Women's Food Forests in Guatemala
Thanks to funding provided by IWC and Ecosystem Restoration Camps USA (ERC USA), Contour Lines supported women-led tree planting efforts in Chinabenque and Socela, two indigenous communities in the mountainous region of Guatemala.
A historically persecuted group, the Q’eqchiʼ Maya have been actively resisting a foreign-owned mine that has polluted nearby waterways.
The activities initiated with IWC funding are particularly important because they were run in collaboration with the local women’s associations. In both cases, the women’s associations sought out Contour Lines to implement “food forest” projects, assisted by Contour Lines’ resources and expertise. Herlinda Xo Caal, a leader of the women’s groups, coordinated the exchanges between the communities and Contour Lines. The dedication and engagement shown by female community leaders have been inspiring not only for their communities, but also for other farmers interested in reforestation models.
In accordance with Contour Lines' vision to empower farmers to maintain agroforestry systems in their communities independently, these women-led initiatives have resulted in sites that adeptly implement required food forest agroforestry methods
. Through this project, the communities are improving their nutrition, food security, and climate resilience.
The activities specifically supported by IWC and ERC USA were part of a bigger effort occurring over three successive seasons — summer of 2021, winter of 2021-22, and summer of 2022. With each season, Contour Lines technicians trained farmers in required regenerative methods (growing legume plants on contour, use of mulch, chemical-free production), and temporarily supervised their progress to ensure that the growing methods were appropriately implemented.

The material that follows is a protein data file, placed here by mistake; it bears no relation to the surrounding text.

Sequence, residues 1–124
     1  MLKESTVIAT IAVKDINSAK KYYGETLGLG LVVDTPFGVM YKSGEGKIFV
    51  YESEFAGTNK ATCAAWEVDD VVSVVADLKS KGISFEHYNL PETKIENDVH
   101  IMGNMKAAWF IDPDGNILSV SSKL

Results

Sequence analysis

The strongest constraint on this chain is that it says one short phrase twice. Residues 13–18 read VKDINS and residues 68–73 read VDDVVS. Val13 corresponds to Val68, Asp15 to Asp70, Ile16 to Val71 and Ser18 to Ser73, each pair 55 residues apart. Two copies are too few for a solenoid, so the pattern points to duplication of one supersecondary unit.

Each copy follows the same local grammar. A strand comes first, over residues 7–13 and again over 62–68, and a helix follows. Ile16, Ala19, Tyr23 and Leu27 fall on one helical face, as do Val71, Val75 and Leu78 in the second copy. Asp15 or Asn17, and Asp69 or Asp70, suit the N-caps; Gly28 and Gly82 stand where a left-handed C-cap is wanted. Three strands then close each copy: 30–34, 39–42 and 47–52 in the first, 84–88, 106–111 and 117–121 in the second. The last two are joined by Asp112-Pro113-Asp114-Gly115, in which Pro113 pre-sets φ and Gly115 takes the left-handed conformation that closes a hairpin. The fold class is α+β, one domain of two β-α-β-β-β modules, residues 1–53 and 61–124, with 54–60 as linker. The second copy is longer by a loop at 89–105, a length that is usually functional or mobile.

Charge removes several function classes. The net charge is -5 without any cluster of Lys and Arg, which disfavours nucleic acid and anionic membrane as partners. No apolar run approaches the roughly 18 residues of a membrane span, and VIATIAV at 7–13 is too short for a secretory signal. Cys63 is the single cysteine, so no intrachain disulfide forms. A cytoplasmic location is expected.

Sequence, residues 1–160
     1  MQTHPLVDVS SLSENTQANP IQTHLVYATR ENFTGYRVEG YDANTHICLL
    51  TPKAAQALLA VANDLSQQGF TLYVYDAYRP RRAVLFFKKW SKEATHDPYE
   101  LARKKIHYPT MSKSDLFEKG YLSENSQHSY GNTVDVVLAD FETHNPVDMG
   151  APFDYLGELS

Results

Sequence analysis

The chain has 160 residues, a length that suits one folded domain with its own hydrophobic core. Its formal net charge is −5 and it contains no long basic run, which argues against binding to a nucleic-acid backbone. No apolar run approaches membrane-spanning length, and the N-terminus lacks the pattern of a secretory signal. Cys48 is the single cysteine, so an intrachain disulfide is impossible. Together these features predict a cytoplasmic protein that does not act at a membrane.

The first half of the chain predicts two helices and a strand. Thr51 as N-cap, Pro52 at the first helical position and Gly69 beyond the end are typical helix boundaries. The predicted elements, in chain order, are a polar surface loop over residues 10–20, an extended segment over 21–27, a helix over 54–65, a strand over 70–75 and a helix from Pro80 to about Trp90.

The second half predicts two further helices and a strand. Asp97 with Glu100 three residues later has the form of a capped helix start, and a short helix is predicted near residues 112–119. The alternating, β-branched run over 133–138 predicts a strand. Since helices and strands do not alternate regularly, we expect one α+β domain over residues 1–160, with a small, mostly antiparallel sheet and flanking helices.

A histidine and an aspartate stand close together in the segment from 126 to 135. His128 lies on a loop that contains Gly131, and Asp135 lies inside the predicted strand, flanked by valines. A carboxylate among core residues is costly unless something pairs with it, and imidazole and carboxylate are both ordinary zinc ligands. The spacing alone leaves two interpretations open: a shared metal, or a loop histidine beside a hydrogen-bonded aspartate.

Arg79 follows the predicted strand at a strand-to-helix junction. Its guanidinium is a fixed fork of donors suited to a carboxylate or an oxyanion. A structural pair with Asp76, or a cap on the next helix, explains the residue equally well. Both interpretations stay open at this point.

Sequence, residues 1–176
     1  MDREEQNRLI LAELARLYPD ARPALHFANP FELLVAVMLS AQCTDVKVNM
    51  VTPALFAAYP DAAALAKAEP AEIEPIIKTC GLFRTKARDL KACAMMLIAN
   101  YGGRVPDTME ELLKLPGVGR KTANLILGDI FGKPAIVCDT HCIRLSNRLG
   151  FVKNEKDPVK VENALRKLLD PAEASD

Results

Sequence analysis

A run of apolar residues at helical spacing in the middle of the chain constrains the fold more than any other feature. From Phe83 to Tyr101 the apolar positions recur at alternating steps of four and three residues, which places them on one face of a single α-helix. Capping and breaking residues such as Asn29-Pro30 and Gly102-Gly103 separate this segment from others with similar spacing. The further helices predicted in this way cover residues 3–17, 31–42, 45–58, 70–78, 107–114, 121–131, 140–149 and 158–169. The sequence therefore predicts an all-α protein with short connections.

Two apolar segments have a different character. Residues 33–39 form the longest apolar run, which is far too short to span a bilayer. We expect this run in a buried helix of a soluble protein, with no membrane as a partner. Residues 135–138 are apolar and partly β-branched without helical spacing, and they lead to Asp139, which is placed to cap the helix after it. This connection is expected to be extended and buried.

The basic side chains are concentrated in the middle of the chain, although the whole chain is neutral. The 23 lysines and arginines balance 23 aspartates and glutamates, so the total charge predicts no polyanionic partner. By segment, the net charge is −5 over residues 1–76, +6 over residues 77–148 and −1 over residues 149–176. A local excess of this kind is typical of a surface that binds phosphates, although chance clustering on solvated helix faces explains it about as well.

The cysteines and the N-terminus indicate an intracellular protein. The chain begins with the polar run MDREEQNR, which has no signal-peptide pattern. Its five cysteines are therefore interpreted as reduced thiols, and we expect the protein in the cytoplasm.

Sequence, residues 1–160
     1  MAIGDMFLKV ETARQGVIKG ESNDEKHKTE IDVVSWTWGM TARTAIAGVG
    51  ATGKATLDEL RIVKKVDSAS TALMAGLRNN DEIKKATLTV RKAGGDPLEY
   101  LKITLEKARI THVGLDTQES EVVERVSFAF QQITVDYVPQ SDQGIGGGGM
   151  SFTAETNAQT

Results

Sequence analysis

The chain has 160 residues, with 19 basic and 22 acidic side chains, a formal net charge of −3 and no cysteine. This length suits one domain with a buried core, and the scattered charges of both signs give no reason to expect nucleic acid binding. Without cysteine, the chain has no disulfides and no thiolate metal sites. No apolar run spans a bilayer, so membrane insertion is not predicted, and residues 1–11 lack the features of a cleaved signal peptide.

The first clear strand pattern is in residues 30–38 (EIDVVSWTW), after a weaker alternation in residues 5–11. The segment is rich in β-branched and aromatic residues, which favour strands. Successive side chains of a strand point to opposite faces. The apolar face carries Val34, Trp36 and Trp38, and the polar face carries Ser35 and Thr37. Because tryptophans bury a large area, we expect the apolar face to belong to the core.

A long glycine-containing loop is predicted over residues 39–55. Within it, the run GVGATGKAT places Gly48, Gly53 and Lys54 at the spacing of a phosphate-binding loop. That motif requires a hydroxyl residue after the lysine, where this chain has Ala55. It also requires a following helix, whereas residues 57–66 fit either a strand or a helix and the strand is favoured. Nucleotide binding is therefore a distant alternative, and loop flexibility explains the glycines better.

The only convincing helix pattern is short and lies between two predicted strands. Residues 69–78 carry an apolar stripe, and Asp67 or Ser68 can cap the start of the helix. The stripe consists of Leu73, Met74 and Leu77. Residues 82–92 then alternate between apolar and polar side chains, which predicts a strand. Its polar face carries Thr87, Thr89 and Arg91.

Following technical training and successful first planting, the number of trees the women and their families received were increased in the subsequent seasons. Ultimately, 2,300 fruit trees were planted by 23 households.
While this process was underway, Contour Lines also purchased harvests (e.g. cassava) from the two communities, bringing additional economic benefits to the women and their families.
The agroforestry systems themselves will last beyond the project funding — the planted trees such as citrus, litchi, mango, avocado, and zapote will bear fruit for decades.
Over time, the rows of legumes that form living terrace walls in between the tree rows will work with the tree root systems to control soil erosion and accumulate fertility for the future. The food forest systems will also sequester carbon, provide wildlife habitats, and absorb and purify water long into the future, especially as they displace the previous practice of fire-managed chemical corn monocultures.
As more trees are planted and more families join, the women-led tree planting activities initiated will continue expanding. With additional funding from other sources, participants have taken on planting 800 fruit trees beyond the initial project goal and 16 more women and their families joined the program.
The results are inspiring other communities to start their own tree planting efforts. The meaningful forest-based agricultural activities in these two communities also serve as models for enhancing women’s leadership in the service of ecosystem restoration.